Wednesday, June 8, 2011

Pixels vs. Polygons

I play games from a pretty broad time perspective, which means I often get to see technology from one era juxtaposed against technology from another era.  It struck me recently that there are really two distinct styles of game art -- both are still in use today, but one was not possible during the early days.

In the early days of gaming, the pixels ("picture elements") WERE the artwork, and the artist had to design a recognizable image within strict limitations on memory and display capability.  But the artist did have choices -- even on a limited-resolution system like the Atari 2600, there were 256 colors available, and graphics and colors could be changed once per scan line, or once on every other scan line, or even changed at varying rates to provide more detail in some areas of the screen than others.  Of course, the game's programmer had to agree that the proposed design was technically feasible, but as more often than not the programmer was the artist, this provided a degree of flexibility.

As time went on, a broader palette of colors emerged, and individual sprites could be defined using more than one color; the NES managed four colors (usually implemented as three plus a transparent color to let the background show through), and the SNES allowed 16 along with transparency effects.  The Atari Jaguar, 3DO and Sega Saturn upped the ante further, to 256, 32,768 or even 16.7 million colors.

And then, just as pixel art was starting to mature and look really good, the technology changed radically.  Great-looking 2-D games were shunted aside in favor of early, clunky 3-D efforts.  In 3-D, pixel art was used primarily for overlays, and also as texturing to dress up the low-polygon models of the PSX era.

Game designers had challenges to deal with in this new era -- it took a while before Mario 64 and Tomb Raider established that platform games could in fact be played in 3-D environments.  But artists had work to do too; suddenly, the end result of the artist's vision could not be realized with a graphics tablet and a pixel editor.  Graphics production became more like an animated film -- start with a concept painting, sculpt the objects in polygons, texture them with artwork, and finally light them to look like the artist's original intent.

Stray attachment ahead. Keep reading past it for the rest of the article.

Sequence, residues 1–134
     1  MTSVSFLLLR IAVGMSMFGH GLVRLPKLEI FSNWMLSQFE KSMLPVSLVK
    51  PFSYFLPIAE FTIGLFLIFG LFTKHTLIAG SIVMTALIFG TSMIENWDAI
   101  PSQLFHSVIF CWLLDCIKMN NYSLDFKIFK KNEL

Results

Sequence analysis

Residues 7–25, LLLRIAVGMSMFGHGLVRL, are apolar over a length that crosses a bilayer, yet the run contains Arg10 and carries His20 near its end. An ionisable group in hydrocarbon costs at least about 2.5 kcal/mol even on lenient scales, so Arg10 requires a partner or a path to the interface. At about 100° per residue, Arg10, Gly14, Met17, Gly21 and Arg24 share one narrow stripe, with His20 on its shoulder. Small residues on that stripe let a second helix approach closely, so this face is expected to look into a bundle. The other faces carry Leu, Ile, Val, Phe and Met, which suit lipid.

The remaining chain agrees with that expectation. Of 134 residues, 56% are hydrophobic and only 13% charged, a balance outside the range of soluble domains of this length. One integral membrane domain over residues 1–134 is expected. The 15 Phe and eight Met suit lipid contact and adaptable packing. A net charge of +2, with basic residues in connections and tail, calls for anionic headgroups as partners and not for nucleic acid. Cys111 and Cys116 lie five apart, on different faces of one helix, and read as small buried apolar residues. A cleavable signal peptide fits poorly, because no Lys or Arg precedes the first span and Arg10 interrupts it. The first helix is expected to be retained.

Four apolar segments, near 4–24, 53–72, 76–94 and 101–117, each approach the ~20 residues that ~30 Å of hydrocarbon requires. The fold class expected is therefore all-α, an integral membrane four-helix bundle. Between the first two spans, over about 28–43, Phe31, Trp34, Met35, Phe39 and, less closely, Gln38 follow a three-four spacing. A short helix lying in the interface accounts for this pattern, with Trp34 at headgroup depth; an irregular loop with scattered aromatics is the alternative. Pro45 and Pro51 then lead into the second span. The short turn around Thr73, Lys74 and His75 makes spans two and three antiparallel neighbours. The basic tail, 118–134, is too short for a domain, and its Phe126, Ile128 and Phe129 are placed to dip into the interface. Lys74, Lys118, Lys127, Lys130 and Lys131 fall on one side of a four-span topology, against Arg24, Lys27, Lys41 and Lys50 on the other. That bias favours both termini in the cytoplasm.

The first wave of 3-D hardware was barely able to get recognizable images onscreen -- lighting was flat and simple, textures were warped and grainy, with visible individual pixels, and there weren't enough polygons to provide much detail.  The N64 smoothed out the textures, but didn't have enough memory for very detailed artwork.  The Dreamcast and Playstation 2 technology made significant improvements -- resolution was higher, colors more varied, lighting more sophisticated, and enough polygons were available to provide for wide vistas and deep draw distances.

The current generation of hardware has made even more headway -- lighting is now accompanied by (admittedly low-resolution, often fuzzy) shadowing, and bump mapping allows a flat texture to look richer and more detailed when properly lit.

And pixels?  Well, these new machines can certainly handle them with aplomb.  HD graphics, deep color palettes, and more layers of software-based parallax scrolling than any 2-D hardware system ever dreamed of have opened up a broad range of possibilities.  Fortunately, game designers seem to be realizing this -- we do still see decent 2-D games come out on occasion, and most of them look absolutely gorgeous.

It reminds me that it's important to look back once in a while -- just because a graphical technique originated decades ago doesn't mean it's tapped out.


  1. all computers render graphics using pixels, whether the game engine uses 3D polygons or whatever... and to say early games couldn't draw polygons ignores early classics such as Elite, Battlezone and International 3D tennis.

  2. True. Only vector monitors were capable of using something other than pixels. You could definitely describe Elite, Battlezone, Varloc, etc. as using wireframe polygons, and I didn't talk about the filled polygon era of I, Robot and Hard Drivin'. The "disguised polygon" era, with hardware-supported texture mapping, is where I'm drawing my admittedly arbitrary line here. As the PSX came into its own, it seemed like EVERYTHING was being done in 3-D whether it made sense or not. Today we don't see much of the "primitive" Elite-style 3-D in use, but it's been nice to see 2-D making a bit of a comeback.